23 April 2012
The Message of the Bible
The Message of the Bible
An Orthodox Perspective
by George Cronk
The shamefully fallen RocorMP has included this book in their Holy Trinity School curriculum.
George Cronk is a CRANK!
In Chapter 2 of Message of the Bible we read Cronk's explanation of the incident after the Flood when Noah got drunk and lay naked in his tent:
The essence of Ham's sin is expressed in the phrase, "saw the nakedness of his father," a phrase which must be understood in the light of chapter 18 of the book of Leviticus. In that text, God proclaims that it is an abomination for a man to "uncover the nakedness" of his father, his mother, his sister, his children, his grandchildren, his aunts and uncles, his sisters-in-law and his daughters-in-law (Lv 18:6-16). What is condemned here is any act of incest. And it is quite clear that the expression "uncover the nakedness" refers to various forms of sexual intercourse. It should also be noted that homosexuality is condemned in Leviticus 18:22 and 20:13, and in Romans 1:26-27. What Ham did, then, was to engage in some form of incestuous and homosexual intercourse with his father. (It is, by the way, interesting that the Bible contains no suggestion that Noah's drunkenness was in any way reprehensible).
This is not the Orthodox interpretation. It is a crack-pot interpretation, utterly intolerable, disgusting and sickening. Somebody has to have a "dirty mind" or a very small mind to think that. The incident has absolutely nothing at all to do with sex. It has everything to do with honoring thy father, and having respect for our elders. [Something kids are not taught today.] When we find our parents [or elders] in an embarrassing situation, we do not point and laugh. We don't bring others in on the joke. We don't ignore their need. Instead we do as Shem and Japheth, and respectfully do what we can to repair the embarrassment of their situation.
Here is what Fr. Seraphim Rose writes in Genesis, Creation and Early Man Chapter Nine, 1st edition:
Why did Noah, a righteous man, get drunk? Perhaps, as St. Ephraim suggests, it was because he had not drunk wine for many years; he had been a year in the Ark, and it takes several years to plant the vines and to get grapes with which to make wine. Or else, as St. John Chrysostom suggests, wine was actually not even drunk before the Flood. Noah was the first to cultivate vineyards. Therefore, he would not have known the power of wine; he drank it to see what it was like, and it overwhelmed him. If this was the case, wine-drinking goes together with meat-eating as one of the new conditions of the post-Flood world.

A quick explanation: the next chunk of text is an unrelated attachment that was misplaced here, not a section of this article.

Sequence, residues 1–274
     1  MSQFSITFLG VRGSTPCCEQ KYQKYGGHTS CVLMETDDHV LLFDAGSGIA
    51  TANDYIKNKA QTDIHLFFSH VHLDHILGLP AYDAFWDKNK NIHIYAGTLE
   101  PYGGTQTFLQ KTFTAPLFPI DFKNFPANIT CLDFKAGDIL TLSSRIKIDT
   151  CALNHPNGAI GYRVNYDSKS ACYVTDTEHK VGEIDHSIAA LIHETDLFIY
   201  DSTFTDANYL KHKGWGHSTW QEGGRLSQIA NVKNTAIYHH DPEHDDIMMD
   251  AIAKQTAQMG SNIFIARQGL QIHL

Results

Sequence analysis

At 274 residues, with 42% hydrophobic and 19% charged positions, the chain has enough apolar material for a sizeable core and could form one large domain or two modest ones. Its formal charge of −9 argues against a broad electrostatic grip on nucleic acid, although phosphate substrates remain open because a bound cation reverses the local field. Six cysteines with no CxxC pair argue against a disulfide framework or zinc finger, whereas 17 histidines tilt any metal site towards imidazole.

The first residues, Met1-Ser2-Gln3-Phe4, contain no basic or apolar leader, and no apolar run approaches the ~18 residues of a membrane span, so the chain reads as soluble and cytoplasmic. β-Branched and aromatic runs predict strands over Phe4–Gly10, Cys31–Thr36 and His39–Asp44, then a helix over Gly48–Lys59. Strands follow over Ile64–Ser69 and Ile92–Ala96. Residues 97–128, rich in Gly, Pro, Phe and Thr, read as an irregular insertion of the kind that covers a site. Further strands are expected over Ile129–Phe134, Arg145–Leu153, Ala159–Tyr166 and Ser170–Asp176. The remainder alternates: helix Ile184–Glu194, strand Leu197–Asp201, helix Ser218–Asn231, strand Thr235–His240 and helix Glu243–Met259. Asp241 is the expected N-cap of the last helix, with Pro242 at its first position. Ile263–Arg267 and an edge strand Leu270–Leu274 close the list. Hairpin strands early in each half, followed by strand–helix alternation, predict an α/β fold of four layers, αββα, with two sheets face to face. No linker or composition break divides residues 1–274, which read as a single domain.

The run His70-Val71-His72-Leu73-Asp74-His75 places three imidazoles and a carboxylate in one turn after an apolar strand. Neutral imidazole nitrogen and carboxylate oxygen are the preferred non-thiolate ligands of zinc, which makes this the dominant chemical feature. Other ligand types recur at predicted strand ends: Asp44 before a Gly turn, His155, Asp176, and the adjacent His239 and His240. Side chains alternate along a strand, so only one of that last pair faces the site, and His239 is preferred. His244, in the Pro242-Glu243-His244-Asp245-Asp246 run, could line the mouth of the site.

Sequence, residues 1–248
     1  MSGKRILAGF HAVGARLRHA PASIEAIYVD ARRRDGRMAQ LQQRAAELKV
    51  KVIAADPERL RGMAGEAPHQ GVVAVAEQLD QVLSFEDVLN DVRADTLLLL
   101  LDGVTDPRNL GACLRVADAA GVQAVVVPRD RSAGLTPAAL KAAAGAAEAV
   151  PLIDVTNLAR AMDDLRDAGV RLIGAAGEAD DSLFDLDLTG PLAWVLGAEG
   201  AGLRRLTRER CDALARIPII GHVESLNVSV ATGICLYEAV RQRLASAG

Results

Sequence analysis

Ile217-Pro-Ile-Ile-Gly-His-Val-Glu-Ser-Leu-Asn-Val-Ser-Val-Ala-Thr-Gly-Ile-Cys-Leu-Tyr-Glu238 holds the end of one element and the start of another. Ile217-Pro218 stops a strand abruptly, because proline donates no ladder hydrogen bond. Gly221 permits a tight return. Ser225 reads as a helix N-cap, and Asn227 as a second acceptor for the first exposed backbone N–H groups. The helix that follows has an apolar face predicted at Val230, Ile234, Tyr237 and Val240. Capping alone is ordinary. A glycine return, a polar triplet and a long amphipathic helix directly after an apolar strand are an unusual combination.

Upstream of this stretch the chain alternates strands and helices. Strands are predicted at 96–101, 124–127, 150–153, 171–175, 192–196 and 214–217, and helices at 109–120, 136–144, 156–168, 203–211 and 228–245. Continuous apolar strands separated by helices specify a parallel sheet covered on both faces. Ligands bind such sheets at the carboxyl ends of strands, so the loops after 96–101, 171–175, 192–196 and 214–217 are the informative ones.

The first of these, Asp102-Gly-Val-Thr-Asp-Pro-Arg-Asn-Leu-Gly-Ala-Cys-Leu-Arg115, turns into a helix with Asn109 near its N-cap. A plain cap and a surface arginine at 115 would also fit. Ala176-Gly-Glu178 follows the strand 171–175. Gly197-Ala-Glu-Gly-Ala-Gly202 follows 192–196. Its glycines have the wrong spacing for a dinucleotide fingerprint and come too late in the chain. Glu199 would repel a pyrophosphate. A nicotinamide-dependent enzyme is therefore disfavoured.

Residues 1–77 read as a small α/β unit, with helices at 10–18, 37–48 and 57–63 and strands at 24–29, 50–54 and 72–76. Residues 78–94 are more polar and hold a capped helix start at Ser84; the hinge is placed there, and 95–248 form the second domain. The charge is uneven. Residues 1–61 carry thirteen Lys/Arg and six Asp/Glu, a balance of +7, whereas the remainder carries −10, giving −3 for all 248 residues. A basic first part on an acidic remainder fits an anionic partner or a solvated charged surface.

Genesis 9:21 again calls Ham "the father of Canaan" to remind us of his uncontrolled nature.
What was this sin of Ham? The sin was not so much that he saw his father naked, because then they were not nearly as fastidious about that kind of thing as we are now. Rather, his sin lay in the fact that he saw him in a shameful condition – drunk, all sprawled out – and therefore he mocked his father; he stared at the spectacle and went out and spread tales about his father's sin.
In English, a "ham" is an actor who makes a big show of himself. In Russian, the word "ham" means something much worse. It refers to someone absolutely shameful, without any manners, politeness or decency [like Soviets in modern times].
The sin of Ham was the sin of being totally shameless. His brothers, on the contrary, came in with respect, covered up their father, and thus covered up the whole thing before it could be spread about. Thus Ham, the second son, now became the youngest.
But why was Canaan cursed instead of Ham his father? St. John Chrysostom says it was because Ham once received God's blessing, and now the curse must be on his offspring, which hurts him too. Moreover, Canaan probably also sinned. St. Ephraim suggests that it was actually Canaan, as a small boy, who went in and was the first to see Noah. He went out and told his father, so he himself is partly guilty.
Read more here